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Pursuit C-310 Center Console

Pursuit's C-310 Center Console is built for the angler wanting serious offshore performance.

June 28, 2007
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Pursuit C-310 Center Console

Pursuit C-310 Center Console

Pursuit C-310 Center Console

Pursuit C-310 Center Console

Pursuit C-310 Center Console

Pursuit C-310 Center Console Specs

Pursuit C-310 Center Console

You like to haul dozens of prerigged skirts, lures, and rigs? Pounds and pounds of lead weights? Enough hooks to outfit a longliner? Me, too, which is why my eyes nearly popped out when I saw the glory of the new Pursuit C-310 Center Console’s integrated tackle stowage design.

Stow and Go

This boat is built for the serious offshore no-holds-barred angler. Just glance at all the places provided to house your goodies: There’s a standard hook/pliers/knife holder at the transom; a four-box tackle center also in the transom; a compartment on the starboard side of the leaning post with three more tackle trays; and a compartment on the port side with bulk tackle stowage. Still can’t cram all your gear onboard? Okay – there’s also an aft slide-out tackle center and a bait prep station with molded-in rigging cutouts.

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You need to stow enough rods to compete in a billfish tournament one day and a kingfish tournament the next? Of course you do! That’s why the C-310 CC has four gunwale holders, locking rodboxes for eight big rigs, four under-gunwale rodracks, four rocket launchers in the leaning post, four more launchers on the optional ($12,555) hardtop, and another optional ($830) quartet along the transom. I couldn’t live without the transom holders because they allow an angler to expand his spread with more flat lines. On the downside, they should be shifted or the transom killbox hatch should have a gas-assist strut added to restrict its movement, because as iT is the hatch interferes with the holders.

More in store. Need a stowage spot for live baits, too? If you’re a diehard live-baiter, then you know that Pursuit produces some of the best livewells afloat. The C-310 CC continues that tradition, with a circular, multi-inlet 52-gallon well that’s baby blue on the inside, which keeps the baits calm and happy. Other manufacturers have copied the idea of using color inside a livewell, but remember that Pursuit was the first to go to marine biologists to research and develop this bait-calming blue color.

Fish stowage is also a home run on this boat, with two insulated boxes under the forward seats, two in the deck, and one in the transom. Yes, that transom box forces you far forward of the powerplants, and as in most modern outboard boats, you won’t have a prayer of working fish around the props. Deep Impact figured a way around this with its fold-down motorwell cover (which turns the well into deck space) and walkaround transom (which lets you access it). We can only hope that other builders will pick up on this tremendous angling advantage. If you want it today, you’ll have to pay megabucks, because the Deep Impact 33 starts out around $200,000, and once it’s customized to your liking, it comes in closer to $250,000.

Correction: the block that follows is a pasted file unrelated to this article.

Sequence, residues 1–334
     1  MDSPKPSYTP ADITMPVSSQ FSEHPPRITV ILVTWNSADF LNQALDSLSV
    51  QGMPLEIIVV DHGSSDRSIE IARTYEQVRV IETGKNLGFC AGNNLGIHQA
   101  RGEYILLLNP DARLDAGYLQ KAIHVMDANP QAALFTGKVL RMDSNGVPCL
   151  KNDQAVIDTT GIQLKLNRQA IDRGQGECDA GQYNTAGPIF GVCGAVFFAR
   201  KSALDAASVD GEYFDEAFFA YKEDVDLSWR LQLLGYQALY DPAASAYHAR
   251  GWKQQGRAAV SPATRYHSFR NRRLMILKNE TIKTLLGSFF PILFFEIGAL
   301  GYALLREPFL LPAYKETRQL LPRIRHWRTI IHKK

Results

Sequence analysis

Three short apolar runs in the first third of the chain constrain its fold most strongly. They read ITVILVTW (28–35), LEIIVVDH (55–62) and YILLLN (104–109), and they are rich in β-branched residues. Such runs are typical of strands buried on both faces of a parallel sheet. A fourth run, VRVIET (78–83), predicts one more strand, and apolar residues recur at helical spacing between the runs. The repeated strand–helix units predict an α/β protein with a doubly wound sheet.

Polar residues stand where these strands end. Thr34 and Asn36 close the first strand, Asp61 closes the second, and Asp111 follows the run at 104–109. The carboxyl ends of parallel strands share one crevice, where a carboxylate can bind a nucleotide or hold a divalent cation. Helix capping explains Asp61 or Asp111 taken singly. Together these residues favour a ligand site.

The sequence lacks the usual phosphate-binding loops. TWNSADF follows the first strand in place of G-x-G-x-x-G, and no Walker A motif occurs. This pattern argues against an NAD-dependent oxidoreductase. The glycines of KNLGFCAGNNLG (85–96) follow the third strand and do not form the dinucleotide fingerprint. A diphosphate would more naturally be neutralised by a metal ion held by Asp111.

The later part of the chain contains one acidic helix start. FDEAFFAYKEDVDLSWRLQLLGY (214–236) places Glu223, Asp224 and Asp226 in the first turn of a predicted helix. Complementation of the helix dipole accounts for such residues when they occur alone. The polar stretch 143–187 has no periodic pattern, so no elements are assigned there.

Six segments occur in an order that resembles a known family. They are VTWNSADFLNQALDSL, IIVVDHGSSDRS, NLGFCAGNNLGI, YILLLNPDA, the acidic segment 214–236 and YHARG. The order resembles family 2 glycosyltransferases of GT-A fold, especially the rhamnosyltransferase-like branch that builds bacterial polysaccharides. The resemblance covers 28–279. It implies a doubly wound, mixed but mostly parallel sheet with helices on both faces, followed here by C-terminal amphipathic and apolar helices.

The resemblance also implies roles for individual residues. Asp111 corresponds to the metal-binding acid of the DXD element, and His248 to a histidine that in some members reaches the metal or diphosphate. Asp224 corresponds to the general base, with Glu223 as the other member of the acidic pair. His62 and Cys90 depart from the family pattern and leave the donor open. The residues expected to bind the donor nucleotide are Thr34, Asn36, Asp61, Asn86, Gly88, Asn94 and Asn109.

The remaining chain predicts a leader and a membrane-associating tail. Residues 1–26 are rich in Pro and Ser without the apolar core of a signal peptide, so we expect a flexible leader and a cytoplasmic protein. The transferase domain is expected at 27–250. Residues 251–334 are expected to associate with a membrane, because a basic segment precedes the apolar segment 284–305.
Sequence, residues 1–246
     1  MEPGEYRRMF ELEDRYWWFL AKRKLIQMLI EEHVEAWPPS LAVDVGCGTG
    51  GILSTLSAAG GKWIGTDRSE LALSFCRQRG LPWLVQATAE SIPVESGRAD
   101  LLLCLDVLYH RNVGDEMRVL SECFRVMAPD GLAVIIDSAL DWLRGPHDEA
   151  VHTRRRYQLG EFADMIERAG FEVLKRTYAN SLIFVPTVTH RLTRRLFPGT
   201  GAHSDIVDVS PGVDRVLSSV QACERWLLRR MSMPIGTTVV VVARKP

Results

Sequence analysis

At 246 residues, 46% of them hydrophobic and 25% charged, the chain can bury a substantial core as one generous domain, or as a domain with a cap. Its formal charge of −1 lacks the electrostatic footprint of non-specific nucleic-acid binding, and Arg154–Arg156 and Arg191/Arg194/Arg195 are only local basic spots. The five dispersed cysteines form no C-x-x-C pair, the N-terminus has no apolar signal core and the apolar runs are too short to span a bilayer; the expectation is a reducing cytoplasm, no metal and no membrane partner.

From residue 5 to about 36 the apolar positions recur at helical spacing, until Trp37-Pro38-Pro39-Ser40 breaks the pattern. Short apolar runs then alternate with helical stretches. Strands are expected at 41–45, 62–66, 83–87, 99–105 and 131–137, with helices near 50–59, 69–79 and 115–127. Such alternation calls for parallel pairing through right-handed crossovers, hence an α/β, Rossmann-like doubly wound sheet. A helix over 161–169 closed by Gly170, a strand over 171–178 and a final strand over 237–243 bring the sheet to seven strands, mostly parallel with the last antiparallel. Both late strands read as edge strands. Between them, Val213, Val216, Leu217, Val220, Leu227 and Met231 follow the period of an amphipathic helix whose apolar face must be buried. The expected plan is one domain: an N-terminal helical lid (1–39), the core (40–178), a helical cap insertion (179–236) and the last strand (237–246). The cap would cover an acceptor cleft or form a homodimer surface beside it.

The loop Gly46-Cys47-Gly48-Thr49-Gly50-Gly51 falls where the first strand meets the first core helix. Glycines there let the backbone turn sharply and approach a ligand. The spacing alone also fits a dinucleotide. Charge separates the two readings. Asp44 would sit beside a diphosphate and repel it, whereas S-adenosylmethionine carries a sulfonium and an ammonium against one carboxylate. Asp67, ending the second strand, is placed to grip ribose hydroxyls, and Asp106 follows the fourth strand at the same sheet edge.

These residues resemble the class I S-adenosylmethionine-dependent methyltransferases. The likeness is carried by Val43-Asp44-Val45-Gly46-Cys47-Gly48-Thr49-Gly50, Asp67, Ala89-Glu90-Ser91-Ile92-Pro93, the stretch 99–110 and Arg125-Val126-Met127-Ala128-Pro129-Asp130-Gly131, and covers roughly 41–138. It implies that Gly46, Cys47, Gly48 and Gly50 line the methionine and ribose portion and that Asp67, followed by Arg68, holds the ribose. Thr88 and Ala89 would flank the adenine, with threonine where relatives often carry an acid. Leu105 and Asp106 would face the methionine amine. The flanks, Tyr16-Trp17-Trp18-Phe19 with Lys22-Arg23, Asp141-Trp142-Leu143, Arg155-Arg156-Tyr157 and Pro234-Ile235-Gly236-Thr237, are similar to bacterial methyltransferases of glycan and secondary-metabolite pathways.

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Edgewater’s 318 CC is a much closer competitor cost-wise, coming in right at $150,000 with twin Yahama F-250s. It’s also a bit larger at 31’10”-by-10’2″, but it has livewells at the transom, which make it just as far a reach to the props. And because it’s designed with more family comfort in mind than the Pursuit, it doesn’t match it for overall tackle and rod stowage and similar fishing goodies.

Sea, sea and more sea.

If you truly care about tackle stowage, livewells, and other fishing features, you’re probably one of those guys who plans to fish come hell or high water. Nothing short of a hurricane will squelch your offshore adventure? Then get ready to chalk up a few more points for the C-310 CC. This boat has a steep 24-degree deadrise, and you can feel that V go to work running through the waves. We ran full tilt through a minor-league bay chop, and the cup of coffee I left in a cupholder didn’t lose a drop.

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Performance is enhanced by the way this boat is put together: The hull and deck are vacuum-infused for maximum strength, hullsides are balsa-cored, hatches are vacuum-bagged, and the stringers are vacuum-infused glass bonded to the hull with Plexus. Plus, Pursuit does the stringer bonding while the hull is still in the mold, which ensures a perfect match. The net result? A solid, vibration-free feel when the hull meets waves. One caveat – on our test boat the aft tackleboxes weren’t fitted perfectly and they rattled a bit. This boat was the first of its kind, so future C-310 CC’s probably won’t exhibit this problem, but when you check one out, give those tackleboxes a shake or two to be sure.

One other item that stands out on the C-310 CC is the anchor locker and anchor stowing arrangement. If you’re into chunking or wreck fishing and you spend a lot of time on the hook, you’ll appreciate the large access hatch over the rope locker, which was wide enough for me to get my shoulders through. That made for easy access to the bottom of my test boat’s windlass ($3,710), a spot that needs good access that many other builders fail to provide. The anchor rides on a stainless-steel strike plate on the bow. And the locker itself is huge, with plenty of space for a rode you measure in fathoms, not feet. In fact, it’s so big you could even stow a tacklebox or two in there…not that you’d ever need to.

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